JONATHAN CHERRY: What got you started with photography?
ALEXANDER JULIN: I began to shoot when I was around 14. At that time, I tried to use photography as a tool to recreate all the feelings I couldn’t describe with words. I’m not sure if it worked out at any point, but I got hooked on photography either way.
JC: Any emerging artists inspiring you at the moment?
AJ: Aside from a lot of older or “classical” film-photographers, I’m really into Niall O’Brien’s photography. I love the way he manages to portray these punks as so much more than just stereotypicic teenagers. His portraits and series seems much more nuanced to me, describing the feelings of restlessness and burning from the inside. I just got introduced to Mustafah Abdulaziz’ photography the other day. I guess that his project “Memory Loss” might be my favourite at the moment. Good friend Lasse Dearman has just made a series about the life of Glasgow called “Nothing is lost, I’ve got it”, which is truly worth a view.
Other honorable mentions could be Sandy Kim or Sofie Amalie Klougart.
JC: Whats your current project all about?
AJ: I’m just trying to gather as many ideas and impressions as possible at the moment. I’ve mostly shot live photography the last weeks to manifest some wicked events that my friends either put up or played at themselves. The thing I like about shooting live music, is that every good liveband even has an exploding energy or expression to involve their audience in or the abillity to create an extraordinary intimicy. And I think “initimacy” is an important keywords when it comes to my view on interesting photography.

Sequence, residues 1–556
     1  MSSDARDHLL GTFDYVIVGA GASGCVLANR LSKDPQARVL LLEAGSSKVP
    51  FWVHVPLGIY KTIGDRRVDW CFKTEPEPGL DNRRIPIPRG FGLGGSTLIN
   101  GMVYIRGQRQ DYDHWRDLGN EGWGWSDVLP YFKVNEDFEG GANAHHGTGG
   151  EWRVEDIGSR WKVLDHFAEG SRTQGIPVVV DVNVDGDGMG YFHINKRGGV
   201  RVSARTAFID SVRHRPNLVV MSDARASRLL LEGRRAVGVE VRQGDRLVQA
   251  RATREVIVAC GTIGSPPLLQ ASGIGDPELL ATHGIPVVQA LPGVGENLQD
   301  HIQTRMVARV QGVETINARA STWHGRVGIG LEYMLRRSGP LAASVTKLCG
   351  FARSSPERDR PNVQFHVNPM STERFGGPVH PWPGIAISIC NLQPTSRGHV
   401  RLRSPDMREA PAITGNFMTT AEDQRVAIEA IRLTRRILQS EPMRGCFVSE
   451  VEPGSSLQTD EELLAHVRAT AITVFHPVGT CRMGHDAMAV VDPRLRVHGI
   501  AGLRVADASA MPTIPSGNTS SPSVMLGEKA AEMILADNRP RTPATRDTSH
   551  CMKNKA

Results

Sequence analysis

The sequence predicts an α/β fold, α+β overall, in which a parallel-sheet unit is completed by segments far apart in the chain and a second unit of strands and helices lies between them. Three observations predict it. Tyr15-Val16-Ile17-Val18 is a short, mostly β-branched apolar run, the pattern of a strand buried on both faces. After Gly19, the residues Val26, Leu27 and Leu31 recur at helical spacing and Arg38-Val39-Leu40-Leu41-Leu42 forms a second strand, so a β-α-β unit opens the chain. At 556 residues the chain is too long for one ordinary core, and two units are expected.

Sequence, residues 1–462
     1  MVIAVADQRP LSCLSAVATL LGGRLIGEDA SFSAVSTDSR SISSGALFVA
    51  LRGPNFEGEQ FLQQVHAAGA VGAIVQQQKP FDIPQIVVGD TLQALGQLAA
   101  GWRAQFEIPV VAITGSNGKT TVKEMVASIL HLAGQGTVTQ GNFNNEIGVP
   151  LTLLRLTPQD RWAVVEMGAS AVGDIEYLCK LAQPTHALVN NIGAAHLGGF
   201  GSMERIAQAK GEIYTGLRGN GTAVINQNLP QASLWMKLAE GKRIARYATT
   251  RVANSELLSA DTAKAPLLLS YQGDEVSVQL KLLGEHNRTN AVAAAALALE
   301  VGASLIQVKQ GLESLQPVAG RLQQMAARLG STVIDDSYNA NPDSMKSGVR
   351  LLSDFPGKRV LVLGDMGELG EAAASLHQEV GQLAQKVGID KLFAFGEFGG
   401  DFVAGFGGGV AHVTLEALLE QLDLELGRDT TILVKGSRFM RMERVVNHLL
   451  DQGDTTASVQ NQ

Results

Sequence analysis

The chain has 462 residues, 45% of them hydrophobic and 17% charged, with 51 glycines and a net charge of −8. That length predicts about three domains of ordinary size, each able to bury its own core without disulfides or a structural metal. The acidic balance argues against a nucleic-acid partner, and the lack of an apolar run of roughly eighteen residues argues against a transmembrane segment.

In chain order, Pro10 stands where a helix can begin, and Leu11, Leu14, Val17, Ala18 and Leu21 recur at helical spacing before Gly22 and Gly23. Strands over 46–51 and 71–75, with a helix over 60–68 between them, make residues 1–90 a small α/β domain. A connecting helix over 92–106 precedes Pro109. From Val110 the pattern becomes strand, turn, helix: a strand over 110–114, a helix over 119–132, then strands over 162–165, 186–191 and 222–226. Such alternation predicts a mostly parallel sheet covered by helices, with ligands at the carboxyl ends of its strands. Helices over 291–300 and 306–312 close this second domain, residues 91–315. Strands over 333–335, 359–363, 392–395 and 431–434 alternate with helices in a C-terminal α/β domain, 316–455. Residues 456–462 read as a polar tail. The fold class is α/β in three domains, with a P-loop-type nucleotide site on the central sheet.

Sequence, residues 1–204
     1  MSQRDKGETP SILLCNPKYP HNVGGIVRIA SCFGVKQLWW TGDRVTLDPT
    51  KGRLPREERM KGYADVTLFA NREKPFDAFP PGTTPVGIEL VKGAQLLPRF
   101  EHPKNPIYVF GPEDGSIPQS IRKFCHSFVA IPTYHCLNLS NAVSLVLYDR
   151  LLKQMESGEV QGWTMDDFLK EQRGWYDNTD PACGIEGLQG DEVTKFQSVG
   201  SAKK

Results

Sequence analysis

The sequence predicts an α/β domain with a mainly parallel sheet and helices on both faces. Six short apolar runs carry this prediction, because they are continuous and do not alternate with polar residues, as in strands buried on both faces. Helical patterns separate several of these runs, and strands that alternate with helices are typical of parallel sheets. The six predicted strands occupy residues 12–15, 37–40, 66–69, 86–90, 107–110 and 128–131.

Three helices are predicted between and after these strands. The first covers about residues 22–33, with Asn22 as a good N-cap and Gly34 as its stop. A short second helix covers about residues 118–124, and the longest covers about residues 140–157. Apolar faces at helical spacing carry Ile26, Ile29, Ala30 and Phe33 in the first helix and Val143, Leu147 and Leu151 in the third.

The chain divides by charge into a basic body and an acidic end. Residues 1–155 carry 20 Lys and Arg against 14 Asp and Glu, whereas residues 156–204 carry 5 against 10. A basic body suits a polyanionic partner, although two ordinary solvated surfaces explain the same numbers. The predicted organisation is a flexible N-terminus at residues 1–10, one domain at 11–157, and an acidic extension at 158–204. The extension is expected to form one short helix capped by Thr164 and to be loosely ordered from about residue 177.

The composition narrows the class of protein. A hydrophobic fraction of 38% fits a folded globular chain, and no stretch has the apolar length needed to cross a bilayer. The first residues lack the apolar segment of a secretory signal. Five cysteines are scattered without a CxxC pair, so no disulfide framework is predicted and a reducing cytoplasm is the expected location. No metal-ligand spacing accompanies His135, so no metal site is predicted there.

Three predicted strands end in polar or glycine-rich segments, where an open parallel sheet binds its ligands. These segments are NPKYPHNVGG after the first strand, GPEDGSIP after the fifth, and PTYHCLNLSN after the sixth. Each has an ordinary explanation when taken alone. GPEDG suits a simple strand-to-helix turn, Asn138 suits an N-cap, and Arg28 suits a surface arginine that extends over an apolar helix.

JC: Where are you currently living and how is it shaping you?
AJ: I moved to Gellerup, Aarhus in Denmark last year, which is sort of like a ghetto. It’s this really weird area of flats, mainly occupied by immigrants, since the rent is so cheap and the chances of getting a high paying job isn’t always the best - especially if you got a hard time “just” trying to immigrate in a new culture. The area got this feeling of being just about to explode, since that even though that everything is calm and still in the hundreds of tightly compressed flats, I still meet kids on the street, which indeed have suffered under the conditions of a very burgeouis approach on integration. All this have resulted in various assaults, robberies, etc. mainly just by bunches of kids, lost in the world.
Living in Gellerup has definitely taught me a lot about the racism of the Danish state and how easily violence begets violence. It’s shaping my way of seeing the world and how I’d like to show it myself somehow.
JC: Any big plans for 2012?
AJ: I’m planning on taking a trip to London during the holidays and join a friend who’s currently squatting there. I’d really like to potray this more or less anti-material way of life.